The Secret to Freelance Writing Success

It only took me a few years of working on the Market Books series to piece together the secret to freelance writing success. One nice aspect of my job is that I get to witness several first-time and career-long successes. And my secret to freelance success has held up time and time again.

In fact, the publishing/media industry has gone through so many technological changes over the past 13 years (my first work on Writer’s Market was in 2000) from more reliance on e-mail to e-books comprising more than 20% of book sales in 2012. And still, my secret to freelance success continues to hold.

So what is this secret anyway?
It’s actually a four-part secret. Some writers can get by with three parts, but the most successful (who aren’t already famous) would receive an A in all four phases.

Here they are:

  • Good writing
  • Knowledge of writing markets
  • Professionalism
  • Persistence

Let’s take a look at these parts.

Good writing
Notice I did not say great writing. Great writing is certainly better than good writing, but there are many talented writers who can’t seem to find success. That said, bad writing won’t keep a freelance writing career afloat for long.

Successful freelance writers offer good writing skills at the very least. They may not be grammarians or poets, but they also don’t draw attention to their lack of writing ability with horrible sentence structure and typos.

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Knowledge of writing markets
All writers have a service to offer: their writing. Successful freelancers study the market enough to know where to pitch their services for a better chance at success. In book publishing, literary agents serve this role.

If you know who’s open to your type of writing, you’re already ahead of most writers. This is why so many writers point to Writer’s Market and WritersMarket.com as the source of their success, but our job is to help writers understand the traditional publishing industry.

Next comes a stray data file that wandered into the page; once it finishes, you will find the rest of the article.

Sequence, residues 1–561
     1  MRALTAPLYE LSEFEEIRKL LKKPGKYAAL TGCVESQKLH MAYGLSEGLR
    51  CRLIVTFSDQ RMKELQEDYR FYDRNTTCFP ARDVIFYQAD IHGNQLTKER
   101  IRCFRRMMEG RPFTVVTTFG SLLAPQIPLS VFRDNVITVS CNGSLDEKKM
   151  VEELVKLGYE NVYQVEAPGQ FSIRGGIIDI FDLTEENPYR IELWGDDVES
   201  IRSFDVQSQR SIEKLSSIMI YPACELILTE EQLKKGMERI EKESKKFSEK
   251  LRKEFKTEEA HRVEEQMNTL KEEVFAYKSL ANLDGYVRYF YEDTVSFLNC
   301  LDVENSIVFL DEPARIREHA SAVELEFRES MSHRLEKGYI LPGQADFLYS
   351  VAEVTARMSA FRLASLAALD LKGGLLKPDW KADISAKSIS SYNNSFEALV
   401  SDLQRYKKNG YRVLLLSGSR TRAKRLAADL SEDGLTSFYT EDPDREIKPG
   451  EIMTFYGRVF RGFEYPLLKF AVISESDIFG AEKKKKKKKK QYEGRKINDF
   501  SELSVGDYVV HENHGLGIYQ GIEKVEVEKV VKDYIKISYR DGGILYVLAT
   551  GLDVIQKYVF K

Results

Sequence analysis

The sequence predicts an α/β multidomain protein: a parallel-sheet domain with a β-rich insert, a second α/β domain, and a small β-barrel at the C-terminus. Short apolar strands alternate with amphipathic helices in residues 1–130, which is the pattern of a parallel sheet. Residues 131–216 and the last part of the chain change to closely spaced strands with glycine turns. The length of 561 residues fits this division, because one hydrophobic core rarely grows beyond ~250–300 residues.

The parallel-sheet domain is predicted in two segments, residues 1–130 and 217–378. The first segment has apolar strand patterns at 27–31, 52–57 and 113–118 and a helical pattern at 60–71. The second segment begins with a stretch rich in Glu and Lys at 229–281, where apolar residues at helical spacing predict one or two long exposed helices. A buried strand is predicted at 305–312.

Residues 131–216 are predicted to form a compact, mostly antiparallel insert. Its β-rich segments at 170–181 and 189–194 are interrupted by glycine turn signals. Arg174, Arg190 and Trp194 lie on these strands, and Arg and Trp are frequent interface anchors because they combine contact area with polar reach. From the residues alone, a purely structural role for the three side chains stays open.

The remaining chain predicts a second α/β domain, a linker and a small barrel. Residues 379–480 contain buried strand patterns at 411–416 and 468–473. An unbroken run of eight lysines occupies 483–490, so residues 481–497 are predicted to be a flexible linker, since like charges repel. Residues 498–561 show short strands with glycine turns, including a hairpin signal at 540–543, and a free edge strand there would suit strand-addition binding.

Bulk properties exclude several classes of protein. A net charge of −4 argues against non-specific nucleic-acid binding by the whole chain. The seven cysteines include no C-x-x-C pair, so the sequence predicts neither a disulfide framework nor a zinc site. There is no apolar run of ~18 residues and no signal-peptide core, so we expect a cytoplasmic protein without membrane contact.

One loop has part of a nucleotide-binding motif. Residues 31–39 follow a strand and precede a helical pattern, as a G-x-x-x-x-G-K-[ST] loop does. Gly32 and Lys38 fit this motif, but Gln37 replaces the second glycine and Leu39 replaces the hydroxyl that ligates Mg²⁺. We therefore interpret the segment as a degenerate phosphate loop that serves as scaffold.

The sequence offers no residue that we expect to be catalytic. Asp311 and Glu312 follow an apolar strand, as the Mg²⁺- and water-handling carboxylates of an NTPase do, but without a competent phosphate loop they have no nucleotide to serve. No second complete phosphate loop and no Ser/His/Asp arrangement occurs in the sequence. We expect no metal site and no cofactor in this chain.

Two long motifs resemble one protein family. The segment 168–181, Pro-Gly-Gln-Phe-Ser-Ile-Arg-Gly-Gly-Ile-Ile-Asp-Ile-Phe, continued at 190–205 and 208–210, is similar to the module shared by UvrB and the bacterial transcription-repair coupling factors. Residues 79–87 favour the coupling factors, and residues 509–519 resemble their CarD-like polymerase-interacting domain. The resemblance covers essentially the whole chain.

Professionalism
Successful freelancers, especially ones with sustained success, are professional. This means that they read and follow submission guidelines when they exist. This means they read their contracts and attempt negotiating from time to time. This means they meet their deadlines and hit their word counts.

The opposite of professional is amateur, and it has nothing to do with how much money a writer earns. Amateurs don’t read the guidelines, or they decide their way is better than what’s recommended by the actual gatekeepers. Amateurs don’t hit deadlines; they ignore word counts; and they have poor record keeping skills.

Be a professional, not an amateur.

Persistence
Persistence works with a caveat. Persistent writers find success if they’re working on the first three parts of this equation too. I know many persistent writers who’ve been “trying” to make it for decades, but they can’t ever find success. It’s sad.

However, the reason is usually that the writer doesn’t believe in revision. Or he doesn’t know his market (or its a moving target depending on his mood). Or she doesn’t follow submission guidelines–trying some cute trick employed by some other successful writer or cited by an editor.

Be persistent. Don’t let rejection rattle you. But always make sure you’re sound in the other three areas of your writing life.

One last secret weapon
Okay. Good writing? Check. Knowledge of markets? Check. Professionalism? Check. Persistence? Super check. What else is there?

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My final secret weapon, which can sometimes make up for a deficiency in one of the above four areas, is passion. As a freelancer, work in areas about which you are passionate.

If you’re into science, write science. If you’re into sports, write sports. It’s a simple concept, but this is why it’s so important. Freelance writing takes a lot of time and energy–so if you want to sustain an entire career writing, you need to find subjects and topics that will bring you joy.

So put these five elements in a can, shake them up together, and start building a super successful freelance writing career today.

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Follow me on Twitter @robertleebrewer

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